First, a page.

© Donal G. Burke 2014
There is no evidence of officially registered arms in the records of the Ulster King of Arms relating to representatives of the Lorcan or Larkin family of east Galway. This, however, does not imply that heraldic arms were not utilised by the senior-most members of the name. The only evidence that arms were used or claimed by the Colohans of Cogran and Ashgrove in King’s County is the description of those arms in a letter written in 1842 to the antiquary John O Donovan by an old acquaintance familiar with the family. Similarly, there is physical evidence from a headstone in the ruins of the Franciscan friary of Kilconnell in east Galway that the family of Ward of Ballymacward claimed or used arms that were never officially recorded or confirmed in Ulster’s Office and the same may be said of the Larkins. The only known surviving evidence of their use of armorial bearings is found on an eighteenth century armorial headstone.
In the grounds of what was once the family chapel of a senior line of the Larkin family of Síl Anmchadha at the Franciscan friary in Meelick, an eighteenth century armorial headstone survives to the memory of Anthony Lorcan who died in 1744 and his wife Elisabeth McDermott. The arms are without tincture. On the dexter half of the shield is depicted an elongated cross, its arms and head pattée, its shaft regulée and on the sinister side a lion rampant.
Location of the remains of the Lorcan or Larkin Chapel at Meelick Church, parish of Meelick.
It may be that the uncommon cross utilised is an unsophisticated version of the cross regulée of the Lawrence family and while this may be a localised error based on a lack of significant heraldic knowledge, more clarity is required before part of these arms are definitively attributed to a Lawrence connection. Bryan or Bernard Lorcan, a prominent member of the Lorcan family did marry one Mary Lawrence of the Lawrence family of Ballymore and later of Lisreaghan in the mid seventeenth century and if this cross was utilised to mark an alliance with the Lawrence family it would date the assumption or initial use of these arms to a date no earlier than that marriage. His death in 1683 and burial in the Lorcan chapel at Meelick was recorded by the friars there.
No dividing line is evident between the cross and the lion rampant and it appears, given Anthony’s marriage to a McDermott, that this is not an impaled coat of arms but that the composition as a whole was the complete paternal arms in its entirety utilised solely by this particular line of the Lorcan or Larkin family.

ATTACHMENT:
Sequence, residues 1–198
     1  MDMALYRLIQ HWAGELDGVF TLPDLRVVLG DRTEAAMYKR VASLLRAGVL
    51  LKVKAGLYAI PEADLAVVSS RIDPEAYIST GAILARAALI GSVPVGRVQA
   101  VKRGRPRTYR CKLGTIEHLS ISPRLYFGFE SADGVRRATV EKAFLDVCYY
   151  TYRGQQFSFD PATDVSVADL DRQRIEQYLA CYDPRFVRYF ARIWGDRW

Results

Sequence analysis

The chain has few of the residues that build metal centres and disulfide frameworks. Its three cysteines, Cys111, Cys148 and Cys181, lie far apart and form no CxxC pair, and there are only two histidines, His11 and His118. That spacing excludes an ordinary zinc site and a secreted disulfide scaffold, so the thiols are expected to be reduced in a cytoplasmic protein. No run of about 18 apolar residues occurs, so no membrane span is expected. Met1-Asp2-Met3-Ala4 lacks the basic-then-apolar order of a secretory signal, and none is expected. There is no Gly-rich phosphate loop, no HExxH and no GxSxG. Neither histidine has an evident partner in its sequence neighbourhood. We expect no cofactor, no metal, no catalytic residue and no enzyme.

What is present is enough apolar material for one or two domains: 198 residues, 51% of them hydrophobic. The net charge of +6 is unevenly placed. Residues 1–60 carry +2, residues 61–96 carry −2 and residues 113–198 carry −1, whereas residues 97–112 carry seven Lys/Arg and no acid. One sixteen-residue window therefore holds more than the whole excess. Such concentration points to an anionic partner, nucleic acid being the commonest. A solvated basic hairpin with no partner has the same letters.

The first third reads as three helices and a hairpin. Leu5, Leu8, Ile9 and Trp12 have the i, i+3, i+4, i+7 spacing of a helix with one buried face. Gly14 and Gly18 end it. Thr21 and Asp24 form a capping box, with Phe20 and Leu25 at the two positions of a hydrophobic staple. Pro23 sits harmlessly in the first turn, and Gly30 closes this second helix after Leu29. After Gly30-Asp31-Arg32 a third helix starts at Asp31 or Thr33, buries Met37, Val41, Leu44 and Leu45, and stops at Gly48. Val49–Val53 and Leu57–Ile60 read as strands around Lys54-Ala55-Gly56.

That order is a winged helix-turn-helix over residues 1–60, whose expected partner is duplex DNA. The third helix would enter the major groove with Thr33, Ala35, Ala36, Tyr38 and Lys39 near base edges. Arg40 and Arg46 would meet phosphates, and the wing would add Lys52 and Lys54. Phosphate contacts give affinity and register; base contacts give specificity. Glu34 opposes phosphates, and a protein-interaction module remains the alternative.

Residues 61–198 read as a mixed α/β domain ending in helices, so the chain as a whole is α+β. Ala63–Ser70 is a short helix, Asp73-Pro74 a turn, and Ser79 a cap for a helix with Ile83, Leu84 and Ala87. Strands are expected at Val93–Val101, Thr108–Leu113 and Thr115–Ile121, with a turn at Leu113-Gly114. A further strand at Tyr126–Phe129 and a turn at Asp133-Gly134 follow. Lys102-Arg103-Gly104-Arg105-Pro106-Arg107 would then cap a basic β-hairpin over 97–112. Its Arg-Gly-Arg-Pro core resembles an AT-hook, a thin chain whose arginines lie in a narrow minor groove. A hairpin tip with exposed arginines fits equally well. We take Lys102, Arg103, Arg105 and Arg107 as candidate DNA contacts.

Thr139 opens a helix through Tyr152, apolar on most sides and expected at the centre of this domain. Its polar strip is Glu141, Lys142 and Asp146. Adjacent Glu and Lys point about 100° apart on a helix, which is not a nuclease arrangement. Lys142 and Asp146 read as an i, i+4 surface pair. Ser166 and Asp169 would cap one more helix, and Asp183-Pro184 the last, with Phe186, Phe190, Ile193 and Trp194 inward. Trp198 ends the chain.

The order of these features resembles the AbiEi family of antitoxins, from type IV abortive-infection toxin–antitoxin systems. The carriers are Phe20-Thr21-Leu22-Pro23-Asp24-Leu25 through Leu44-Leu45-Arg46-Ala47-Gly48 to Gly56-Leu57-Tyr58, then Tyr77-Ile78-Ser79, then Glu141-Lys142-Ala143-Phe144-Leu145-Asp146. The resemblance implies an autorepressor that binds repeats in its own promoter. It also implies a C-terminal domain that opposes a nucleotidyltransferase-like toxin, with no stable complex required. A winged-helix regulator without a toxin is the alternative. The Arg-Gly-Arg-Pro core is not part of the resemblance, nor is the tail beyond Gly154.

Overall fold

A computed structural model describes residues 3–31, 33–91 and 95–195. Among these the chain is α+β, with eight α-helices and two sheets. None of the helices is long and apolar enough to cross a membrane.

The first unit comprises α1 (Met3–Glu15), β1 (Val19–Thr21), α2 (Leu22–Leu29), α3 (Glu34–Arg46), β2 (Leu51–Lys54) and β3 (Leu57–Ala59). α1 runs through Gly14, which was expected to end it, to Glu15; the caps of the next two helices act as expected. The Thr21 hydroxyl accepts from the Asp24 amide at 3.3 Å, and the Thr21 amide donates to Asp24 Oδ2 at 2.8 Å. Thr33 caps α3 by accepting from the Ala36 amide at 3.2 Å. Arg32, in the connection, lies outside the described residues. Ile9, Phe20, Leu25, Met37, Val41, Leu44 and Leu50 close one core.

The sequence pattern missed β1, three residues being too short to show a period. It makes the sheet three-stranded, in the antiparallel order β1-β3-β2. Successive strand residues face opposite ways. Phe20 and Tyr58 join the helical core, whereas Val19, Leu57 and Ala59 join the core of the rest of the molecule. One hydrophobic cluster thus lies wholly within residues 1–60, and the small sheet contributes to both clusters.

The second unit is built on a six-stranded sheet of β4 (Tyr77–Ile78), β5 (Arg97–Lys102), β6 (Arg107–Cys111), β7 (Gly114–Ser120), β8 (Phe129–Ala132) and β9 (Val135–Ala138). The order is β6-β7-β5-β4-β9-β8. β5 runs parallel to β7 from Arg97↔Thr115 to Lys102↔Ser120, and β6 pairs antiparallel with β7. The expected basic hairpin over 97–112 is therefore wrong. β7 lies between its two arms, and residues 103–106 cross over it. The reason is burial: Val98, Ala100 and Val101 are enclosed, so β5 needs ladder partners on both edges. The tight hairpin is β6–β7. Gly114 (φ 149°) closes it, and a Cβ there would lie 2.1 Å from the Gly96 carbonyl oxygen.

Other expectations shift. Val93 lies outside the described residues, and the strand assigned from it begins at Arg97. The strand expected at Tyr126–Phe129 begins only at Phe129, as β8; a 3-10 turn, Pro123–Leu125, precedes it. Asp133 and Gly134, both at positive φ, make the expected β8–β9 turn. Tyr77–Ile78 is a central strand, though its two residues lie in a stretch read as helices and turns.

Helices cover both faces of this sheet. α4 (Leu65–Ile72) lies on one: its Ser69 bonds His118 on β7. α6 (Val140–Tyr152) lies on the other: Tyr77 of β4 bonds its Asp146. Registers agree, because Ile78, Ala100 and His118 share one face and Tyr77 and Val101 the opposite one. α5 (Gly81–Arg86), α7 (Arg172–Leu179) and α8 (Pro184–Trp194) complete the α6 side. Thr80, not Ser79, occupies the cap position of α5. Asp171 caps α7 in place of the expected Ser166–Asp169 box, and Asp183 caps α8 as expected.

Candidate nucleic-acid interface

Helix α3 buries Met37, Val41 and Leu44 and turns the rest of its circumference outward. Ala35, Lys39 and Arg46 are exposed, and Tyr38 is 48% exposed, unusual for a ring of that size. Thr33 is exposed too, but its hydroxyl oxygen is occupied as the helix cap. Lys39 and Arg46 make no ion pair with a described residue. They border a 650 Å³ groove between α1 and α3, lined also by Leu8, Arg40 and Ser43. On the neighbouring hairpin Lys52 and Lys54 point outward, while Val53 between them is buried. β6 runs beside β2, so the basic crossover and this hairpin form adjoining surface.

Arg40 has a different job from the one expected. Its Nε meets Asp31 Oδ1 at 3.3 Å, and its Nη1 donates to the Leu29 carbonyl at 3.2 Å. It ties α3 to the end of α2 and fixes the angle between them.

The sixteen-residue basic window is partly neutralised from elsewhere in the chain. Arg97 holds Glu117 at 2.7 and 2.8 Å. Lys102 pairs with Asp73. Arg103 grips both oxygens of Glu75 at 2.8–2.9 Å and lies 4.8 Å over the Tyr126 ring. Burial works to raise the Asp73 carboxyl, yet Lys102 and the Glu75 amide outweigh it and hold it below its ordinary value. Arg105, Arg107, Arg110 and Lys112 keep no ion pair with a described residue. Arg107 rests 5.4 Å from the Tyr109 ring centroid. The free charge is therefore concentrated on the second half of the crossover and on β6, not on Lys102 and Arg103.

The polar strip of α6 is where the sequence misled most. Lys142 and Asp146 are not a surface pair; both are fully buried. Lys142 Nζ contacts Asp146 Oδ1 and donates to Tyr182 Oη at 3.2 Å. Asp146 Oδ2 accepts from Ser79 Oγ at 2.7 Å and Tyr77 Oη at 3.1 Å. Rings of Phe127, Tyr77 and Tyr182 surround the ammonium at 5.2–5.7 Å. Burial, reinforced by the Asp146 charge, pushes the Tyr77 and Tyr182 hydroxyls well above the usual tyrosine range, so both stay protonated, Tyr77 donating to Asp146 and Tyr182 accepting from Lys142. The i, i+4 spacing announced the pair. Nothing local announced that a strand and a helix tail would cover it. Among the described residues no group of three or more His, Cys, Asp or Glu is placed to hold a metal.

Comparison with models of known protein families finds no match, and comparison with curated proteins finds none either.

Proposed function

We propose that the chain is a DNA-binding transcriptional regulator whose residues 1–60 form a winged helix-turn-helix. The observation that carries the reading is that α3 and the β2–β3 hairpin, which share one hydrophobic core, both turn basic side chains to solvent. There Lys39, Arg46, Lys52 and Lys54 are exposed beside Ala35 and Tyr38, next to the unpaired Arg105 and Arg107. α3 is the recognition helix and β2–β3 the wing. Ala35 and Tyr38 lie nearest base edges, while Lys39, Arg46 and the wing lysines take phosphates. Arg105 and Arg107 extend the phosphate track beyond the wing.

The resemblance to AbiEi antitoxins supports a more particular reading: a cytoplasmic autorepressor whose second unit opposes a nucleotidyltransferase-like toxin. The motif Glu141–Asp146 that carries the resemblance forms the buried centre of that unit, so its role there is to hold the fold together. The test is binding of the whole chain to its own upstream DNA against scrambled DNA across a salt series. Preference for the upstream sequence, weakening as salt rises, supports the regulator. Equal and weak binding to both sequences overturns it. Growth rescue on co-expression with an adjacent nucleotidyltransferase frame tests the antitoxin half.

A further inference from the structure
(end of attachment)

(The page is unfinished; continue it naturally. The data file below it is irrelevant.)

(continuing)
author’s impression of arms from Larkin headstone at the Lorcan chapel, Meelick.
The ancestral lands of the Lorcans in east Galway in the late medieval and early modern period lay in the parish of Kiltormer within the O Madden territory of Síl Anmchadha (later known as the barony of Longford). While it has been claimed that the arms displayed on this Lorcan gravestone are those of the sept of the O Larkins of Síl Anmchadha, the concept of sept arms or arms eligible to be borne by every male member of the same sept did not exist under the Laws of Arms in Ireland and these arms, therefore, are only those of the individual lawfully entitled to them and could only lawfully be borne by an individual who could clearly show descent from an armiger. While the immediate family or lineal descendants of this Anthony Lorcan have not been recorded, one of the few members of the Larkin family of significant local social standing resident in the barony of Longford by the late eighteenth century was Joseph Lorcan of Graveshill in the parish of Kiltormer, whose death in 1800 and burial in the grounds of the Lorcan Chapel at Meelick was recorded by the Meelick friars. The seniority of the family of Graveshill is further evidenced by its association with the Lorcan chapel in the early nineteenth century, with the Meelick friars referring to the structure at least on one occasion as ‘Lorkan’s Chapel of Graves Hill’ and on another as ‘the Chapel called after Mr. Lorcan of Graveshill.’
Joseph Lorcan of Graveshill would appear to have been descended from or of the same family as Bryan Lorcan of Dangin, who was directed to transplant from Dangin to elsewhere by the Cromwellians in the 1650s. However, the family managed to retain their interest in some of their former lands in the parish of Kiltormer. Legal disputes between Bryan Lorcan of Dangin and the Earl of Clanricarde regarding the Lorcan ‘Estate of Inheritance,’ comprising one hundred and nineteen acres in the townland of Dangin (ie. the modern townland of Gortnalug) and seventy seven acres in the adjacent townland of Skenageehy in the parish of Kiltormer were brought to a conclusion in a deed dated August 1742 to which Bryan Lorcan affixed his seal. In the following decade Peter Lorcan of Barnaboy, near Graveshill, affixed a seal to a deed dated 1754 relating to lands at Barnaboy, while four years later Joseph Lorcan and Bryan Lorcan, both of Graveshill (and later of Dunmore and Barnaboy respectively), by a deed dated March 1758, leased to Admiral Peter Lawrence of Woodfield, near Eyrecourt lands in Dangin, Skenageehy and ‘Knockanehuohy otherwise called Graveshill.’[i] In this latter case both Lorcans affixed their seal or seals to the deed. While memorials of the three deeds were recorded in the Registry of Deeds the original documents and therefore the wax seals affixed thereto do not appear to have survived and it is unknown if these were armorial seals reflecting the arms found on the Lorcan headstone at Meelick.